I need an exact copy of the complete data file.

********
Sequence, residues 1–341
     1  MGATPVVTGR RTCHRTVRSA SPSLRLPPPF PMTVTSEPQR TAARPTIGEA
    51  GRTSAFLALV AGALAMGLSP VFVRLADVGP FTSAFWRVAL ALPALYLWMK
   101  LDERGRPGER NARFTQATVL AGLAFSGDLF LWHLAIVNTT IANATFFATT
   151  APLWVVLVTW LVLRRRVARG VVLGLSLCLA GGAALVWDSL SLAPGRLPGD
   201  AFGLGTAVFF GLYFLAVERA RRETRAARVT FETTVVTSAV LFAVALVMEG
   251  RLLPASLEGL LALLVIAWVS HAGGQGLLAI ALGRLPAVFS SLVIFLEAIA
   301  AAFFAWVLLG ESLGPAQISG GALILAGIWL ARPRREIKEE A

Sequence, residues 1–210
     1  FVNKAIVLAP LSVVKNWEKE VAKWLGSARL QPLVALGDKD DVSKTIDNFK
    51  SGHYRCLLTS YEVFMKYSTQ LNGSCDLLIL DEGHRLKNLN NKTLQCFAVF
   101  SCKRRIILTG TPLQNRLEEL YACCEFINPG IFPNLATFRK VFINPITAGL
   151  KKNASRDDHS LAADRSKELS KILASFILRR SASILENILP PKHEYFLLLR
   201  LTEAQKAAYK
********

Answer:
Sequence, residues 1–341
     1  MGATPVVTGR RTCHRTVRSA SPSLRLPPPF PMTVTSEPQR TAARPTIGEA
    51  GRTSAFLALV AGALAMGLSP VFVRLADVGP FTSAFWRVAL ALPALYLWMK
   101  LDERGRPGER NARFTQATVL AGLAFSGDLF LWHLAIVNTT IANATFFATT
   151  APLWVVLVTW LVLRRRVARG VVLGLSLCLA GGAALVWDSL SLAPGRLPGD
   201  AFGLGTAVFF GLYFLAVERA RRETRAARVT FETTVVTSAV LFAVALVMEG
   251  RLLPASLEGL LALLVIAWVS HAGGQGLLAI ALGRLPAVFS SLVIFLEAIA
   301  AAFFAWVLLG ESLGPAQISG GALILAGIWL ARPRREIKEE A

Sequence, residues 1–210
     1  FVNKAIVLAP LSVVKNWEKE VAKWLGSARL QPLVALGDKD DVSKTIDNFK
    51  SGHYRCLLTS YEVFMKYSTQ LNGSCDLLIL DEGHRLKNLN NKTLQCFAVF
   101  SCKRRIILTG TPLQNRLEEL YACCEFINPG IFPNLATFRK VFINPITAGL
   151  KKNASRDDHS LAADRSKELS KILASFILRR SASILENILP PKHEYFLLLR
   201  LTEAQKAAYK